Peace Time: February 19, 2004


Infantry training still suffers from the inability to accurately simulate the use of grenades, rocket launchers and machine-guns. For the last two decades, there has been non-lethal rifle ammunition that can be used with existing weapons. The most popular of these are Simunitions, which are low powered, paintball bullets. Users often refer to them as "soap bullets". Troops take apart their M-16s, and replace the barrel with a $700 Simunitions barrel that can handle the Simunitions rounds. When fired, Simunitions bullets will sting if they hit you, and leave a dye mark. With seven different dye colors available, it's possible to find out who shot who, and how much friendly fire their was. Actually, the Simunitions hurt a lot more than paintball ammo, and those participating in Simunitions exercises have to wear goggles and groin protectors. If you are also wearing your protective vest, that will take the sting out of a Simunitions hit, but for arms, legs and other exposed parts, you will have a nice bruise to remind you that more care should be taken to find cover on the battlefield. The Simunitions rounds contain less propellant that regular rounds, and leave the barrel at about 550 feet per second, less than a quarter the velocity of a lethal bullet. 

A major problem with Simunitions is that it is expensive, costing three times more than real ammo. But for commandoes, it's worth the cost. Actually, it would be worth it to send all infantry through some training exercises with Simunitions. This is because the weapons operate and sound the same as they would in combat. The Simunitions bullets have a the same accuracy as a real M-16, up to about 25 feet, and a maximum range of about ten times that distance. Thus the Simunitions are most useful for training for fighting in urban areas. But this is the most difficult and nerve wracking form of combat, and giving troops the most realistic training for this would be a real life saver down the line. 

But the success of Simunitions has made troops aware of the fact that many other weapons are not accurately represented in training. This is especially true of grenades (both hand and 40mm), RPGs and AT-4 rockets (and similar systems.) In Iraq, it was a jarring experience for troops who had practiced with Simunitions to find that, in real combat, there were all these other weapons they had to contend with. Two solutions have been proposed for this problem. The easiest one is expanded versions of the photo-realistic training games the U.S. Army is now using (like Full Spectrum Warrior). Including all the weapons and a wide variety of situations would enable the troops to play with (or "train") with all these other weapons in a realistic format. But this is not the same as actually going out and using the weapons.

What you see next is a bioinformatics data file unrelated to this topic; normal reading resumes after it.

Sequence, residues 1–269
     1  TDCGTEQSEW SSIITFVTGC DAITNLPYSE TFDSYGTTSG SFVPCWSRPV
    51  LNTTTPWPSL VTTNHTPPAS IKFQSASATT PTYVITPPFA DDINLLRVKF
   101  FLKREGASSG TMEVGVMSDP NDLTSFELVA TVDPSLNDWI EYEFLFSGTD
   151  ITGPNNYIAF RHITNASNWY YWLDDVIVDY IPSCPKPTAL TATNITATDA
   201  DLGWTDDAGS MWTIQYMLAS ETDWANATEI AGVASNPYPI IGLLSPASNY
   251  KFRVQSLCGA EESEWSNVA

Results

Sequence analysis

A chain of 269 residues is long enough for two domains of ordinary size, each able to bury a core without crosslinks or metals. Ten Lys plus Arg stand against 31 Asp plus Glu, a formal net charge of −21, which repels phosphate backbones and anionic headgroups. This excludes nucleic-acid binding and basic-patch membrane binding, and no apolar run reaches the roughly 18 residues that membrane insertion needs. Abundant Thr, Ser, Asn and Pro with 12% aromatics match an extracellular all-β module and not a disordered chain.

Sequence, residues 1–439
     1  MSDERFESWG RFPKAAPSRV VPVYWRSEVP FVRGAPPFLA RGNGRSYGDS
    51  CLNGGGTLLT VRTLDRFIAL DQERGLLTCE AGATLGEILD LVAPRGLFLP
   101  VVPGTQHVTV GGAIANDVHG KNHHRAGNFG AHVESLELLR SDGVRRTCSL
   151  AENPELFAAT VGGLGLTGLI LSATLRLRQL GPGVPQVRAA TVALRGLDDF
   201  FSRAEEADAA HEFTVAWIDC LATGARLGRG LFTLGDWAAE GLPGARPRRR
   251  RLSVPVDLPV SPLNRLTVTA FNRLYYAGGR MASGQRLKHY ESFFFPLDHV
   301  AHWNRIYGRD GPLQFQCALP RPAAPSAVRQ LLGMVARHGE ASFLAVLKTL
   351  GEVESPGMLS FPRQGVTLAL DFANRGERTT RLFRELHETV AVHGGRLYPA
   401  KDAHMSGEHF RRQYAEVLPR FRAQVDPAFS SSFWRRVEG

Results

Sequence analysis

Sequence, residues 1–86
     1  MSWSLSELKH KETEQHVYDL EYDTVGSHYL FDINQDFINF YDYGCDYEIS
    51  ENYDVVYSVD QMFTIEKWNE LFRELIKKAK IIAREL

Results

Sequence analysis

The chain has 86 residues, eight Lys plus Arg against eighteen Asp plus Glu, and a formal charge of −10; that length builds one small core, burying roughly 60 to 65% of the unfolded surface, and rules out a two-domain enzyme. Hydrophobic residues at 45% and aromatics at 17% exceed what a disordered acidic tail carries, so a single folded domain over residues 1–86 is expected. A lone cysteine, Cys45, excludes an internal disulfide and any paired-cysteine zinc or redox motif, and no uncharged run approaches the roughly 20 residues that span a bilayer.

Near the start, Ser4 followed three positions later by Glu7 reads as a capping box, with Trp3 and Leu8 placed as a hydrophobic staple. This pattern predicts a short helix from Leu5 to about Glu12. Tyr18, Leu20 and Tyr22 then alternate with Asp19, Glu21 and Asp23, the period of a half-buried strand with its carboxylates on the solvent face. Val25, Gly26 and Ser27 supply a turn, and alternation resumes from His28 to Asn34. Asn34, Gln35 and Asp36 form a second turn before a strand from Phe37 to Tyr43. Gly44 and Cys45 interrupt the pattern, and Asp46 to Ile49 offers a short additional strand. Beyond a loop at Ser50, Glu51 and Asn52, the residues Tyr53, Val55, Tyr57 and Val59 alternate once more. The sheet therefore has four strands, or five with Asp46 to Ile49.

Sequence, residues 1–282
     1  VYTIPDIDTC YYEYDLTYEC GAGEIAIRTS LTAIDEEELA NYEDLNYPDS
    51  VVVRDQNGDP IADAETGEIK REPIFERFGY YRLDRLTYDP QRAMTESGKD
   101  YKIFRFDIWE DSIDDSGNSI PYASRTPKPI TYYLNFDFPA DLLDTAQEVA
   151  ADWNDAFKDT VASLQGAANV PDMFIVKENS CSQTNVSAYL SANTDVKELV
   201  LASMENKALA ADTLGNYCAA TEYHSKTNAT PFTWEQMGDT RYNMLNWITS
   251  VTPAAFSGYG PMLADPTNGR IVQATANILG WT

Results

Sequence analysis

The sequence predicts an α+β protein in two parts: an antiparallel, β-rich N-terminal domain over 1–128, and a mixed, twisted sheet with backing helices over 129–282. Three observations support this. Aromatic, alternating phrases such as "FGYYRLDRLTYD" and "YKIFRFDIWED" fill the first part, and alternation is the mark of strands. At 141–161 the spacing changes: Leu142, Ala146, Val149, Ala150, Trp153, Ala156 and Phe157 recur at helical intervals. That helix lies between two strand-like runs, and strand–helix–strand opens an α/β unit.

Thus the other solution, the development of electronic grenades, rockets and missiles. This would involve wearing an electronic sensor and developing grenades, lower velocity 40mm grenades and RPGs that would, when they hit something, set off a loud noise and flash of light, then send an electronic signal that would indicate that troops within a certain range (unblocked by anything that would stop fragments) that they are hit. This is similar to the MILES (laser tag) gear that troops have been using with rifles and heavier guns for over two decades. This stuff is still dangerous, even with all the troops wearing helmets, goggles and protective vests. But it's been found that the more realistic the training experience, the more effective the troops are in combat. This means defeating the enemy more quickly, and taking fewer casualties.

Another item missing, when using Simunitions, MILES and any other practice munitions, is the lack of physical damage. In combat, troops will use rockets, grenades and automatic fire to blast through doors and walls. When fighting inside buildings, firing through floors and walls is common. Experience doing this is very valuable. For the moment, the best way to demonstrate these weapons effects frequently, and at afford able cost, is with the photo-realistic simulation games. The army is also working on more immersive type games of a type that have not yet reached the commercial market. These involve wearing video glasses, headphones and movement sensors and literally acting out the operations. You get visual and aural feedback via the video seen on the glasses/goggles and headphones. 

The more realistic training systems, starting with MILES and paintball in the 1980s, have led to a demand for more and more of it. This stuff is real enough to save lives and the troops want more of it. It's become obvious to professional soldiers world wide that the more realistic training gear delivers a very real edge in combat. This makes troops trained this way much more effective. Even armies of poor countries are trying to get this gear, because it is seen as more valuable than many other types of military equipment, or even additional weapons. But it's been true throughout the history of warfare; better troops are more useful than more troops.




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